Simply Resourceful

Simple ways to be more conscious about how we use our resources.

New Barn Roof!

Fixing up the barn is one of the two big projects for this summer, next to pumping the septic tank.  It's a small barn that has an insulated woodshop upstairs equipped with an air conditioner, fluorescent lighting, and cable TV.  It was certainly a man cave!  Over the years it had been neglected; as a result, squirrels, mice, snakes, wasps, and ants have made this their home.  Before the roof could be replaced, the plywood and moldy insulation had to be removed because there were some major water leaks.  This was quite the project!  Every time a piece of plywood was removed, nuts and ant eggs and ant larvae would scatter on the floor.  To put it bluntly, the ant colonies were pissed and had a terrible bite!  Thankfully we decimated the wasp population early this spring on cold mornings so  there were only a few wasps to smash before they had a chance to sting.  We weren't surprised to find 2 snake skins in the wall!

Our camera broke the week we started this project so I don't have any of the inside destruction, but we managed to get a camera the day before the roof tear off began.  The picture on the left shows the moldy plywood.  In places the mold was about an inch thick and hung like stalactites.  Because the walls and ceiling were insulated, the water never leaked fully through the plywood so the floor is dry. I think we caught the problem just in time!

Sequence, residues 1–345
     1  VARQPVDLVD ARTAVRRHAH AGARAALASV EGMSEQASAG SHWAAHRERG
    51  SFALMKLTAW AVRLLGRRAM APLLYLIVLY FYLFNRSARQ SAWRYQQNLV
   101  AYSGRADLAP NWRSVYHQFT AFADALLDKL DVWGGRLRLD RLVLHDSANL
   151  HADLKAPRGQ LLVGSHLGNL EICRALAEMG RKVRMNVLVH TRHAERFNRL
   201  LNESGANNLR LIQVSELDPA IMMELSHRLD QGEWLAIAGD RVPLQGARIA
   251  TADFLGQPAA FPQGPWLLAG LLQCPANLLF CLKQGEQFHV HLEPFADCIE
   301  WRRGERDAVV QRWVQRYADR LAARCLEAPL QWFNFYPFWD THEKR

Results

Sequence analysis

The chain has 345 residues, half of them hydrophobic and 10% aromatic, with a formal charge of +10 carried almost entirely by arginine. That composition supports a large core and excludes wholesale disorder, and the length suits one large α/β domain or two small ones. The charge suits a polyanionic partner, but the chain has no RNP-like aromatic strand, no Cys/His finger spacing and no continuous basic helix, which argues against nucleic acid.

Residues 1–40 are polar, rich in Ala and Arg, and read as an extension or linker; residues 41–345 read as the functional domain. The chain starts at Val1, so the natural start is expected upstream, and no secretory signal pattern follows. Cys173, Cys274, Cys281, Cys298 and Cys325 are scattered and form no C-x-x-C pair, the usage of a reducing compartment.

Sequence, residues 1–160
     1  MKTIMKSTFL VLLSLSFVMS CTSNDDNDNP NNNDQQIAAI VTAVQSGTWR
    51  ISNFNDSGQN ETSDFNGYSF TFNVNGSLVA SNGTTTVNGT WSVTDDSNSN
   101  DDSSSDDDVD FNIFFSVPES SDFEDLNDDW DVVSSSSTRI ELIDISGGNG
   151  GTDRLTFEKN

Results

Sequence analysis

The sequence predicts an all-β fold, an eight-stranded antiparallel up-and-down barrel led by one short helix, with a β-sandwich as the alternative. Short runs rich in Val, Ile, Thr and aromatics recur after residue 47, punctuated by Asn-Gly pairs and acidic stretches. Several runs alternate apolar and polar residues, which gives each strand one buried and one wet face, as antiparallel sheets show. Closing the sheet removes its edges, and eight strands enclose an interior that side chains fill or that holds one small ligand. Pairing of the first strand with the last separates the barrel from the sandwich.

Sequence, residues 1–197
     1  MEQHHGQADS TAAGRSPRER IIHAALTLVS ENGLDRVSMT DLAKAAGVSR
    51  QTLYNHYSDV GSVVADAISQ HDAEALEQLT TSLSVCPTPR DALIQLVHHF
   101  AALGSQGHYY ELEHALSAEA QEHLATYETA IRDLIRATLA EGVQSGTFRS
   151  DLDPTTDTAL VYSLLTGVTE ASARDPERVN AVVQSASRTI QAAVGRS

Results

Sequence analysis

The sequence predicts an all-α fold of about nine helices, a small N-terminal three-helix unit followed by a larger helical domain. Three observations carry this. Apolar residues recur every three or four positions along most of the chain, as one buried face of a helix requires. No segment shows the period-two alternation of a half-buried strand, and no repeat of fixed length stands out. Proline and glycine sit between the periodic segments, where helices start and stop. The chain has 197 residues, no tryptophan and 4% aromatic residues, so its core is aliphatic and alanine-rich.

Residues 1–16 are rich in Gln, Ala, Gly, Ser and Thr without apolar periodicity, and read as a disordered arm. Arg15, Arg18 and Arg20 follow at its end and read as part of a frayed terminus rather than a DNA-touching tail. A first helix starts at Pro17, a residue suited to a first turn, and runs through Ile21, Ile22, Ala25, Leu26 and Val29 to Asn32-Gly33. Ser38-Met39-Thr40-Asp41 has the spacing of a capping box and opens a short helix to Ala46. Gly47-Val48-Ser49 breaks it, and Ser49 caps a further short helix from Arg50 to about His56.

The original roof was asphalt shingles, but we decided to put on metal.  It just seems fitting to have a tin roof on a barn.  Jon and I have never replaced a roof, so we leaned on two close friends who drove all the way from Wisconsin Memorial Day weekend to help us with the project!  With their help and expertise, we managed to tear off and put on a new roof within 2 days.  The guys worked hard and did a fabulous job in the 95 degree heat with 35% humidity!

In addition to the roof, we have also replaced some of the rotten siding (see the white squares?).  I hope to give the barn a fresh coat of paint this summer to finish it off.  It is a cute barn and we would like to have it ready for when we decide to have some livestock. 

Here's the first trip to the landfill.  There were 3.5 truck loads.  It was a little sickening to see all the waste. 

Here is a snippet of what it looked like at the landfill.  It was an open pit were we literally drove on a pot-hole ridden path to the top of a hill, dropped our load, and drove away.  


Terry June 2, 2012 at 2:39 PM  

I'm so glad it's not leaking! Loved seeing you, Jon and Paul. I realized that I ended up with your battery powered screwdriver and tape measure in the back of my truck in WI... I'll ship them back to you this week.

Phoebe June 11, 2012 at 10:22 AM  

Good job catching that project in time. Examining our outbuildings in their different progressions of disrepair on our Homestead, it has become so clear that the roofs were the one deciding factor on whether we could save the building or not. If it leaked, the building was usually too far gone. If the roof was sound, we could overcome all the ills it had.
Nice work!

Mariam Freame June 12, 2012 at 8:41 AM  

It is good that you renovated the farm before you decided to have some livestock. It would be awful to raise livestock and have an infested barn. Having the new tin roof was great because, with the state of the barn, there may be more problems waiting to pop out and cause you more harm. It's just the right thing that you had it renovated before those had happen.

Emma Phillips June 22, 2012 at 3:45 PM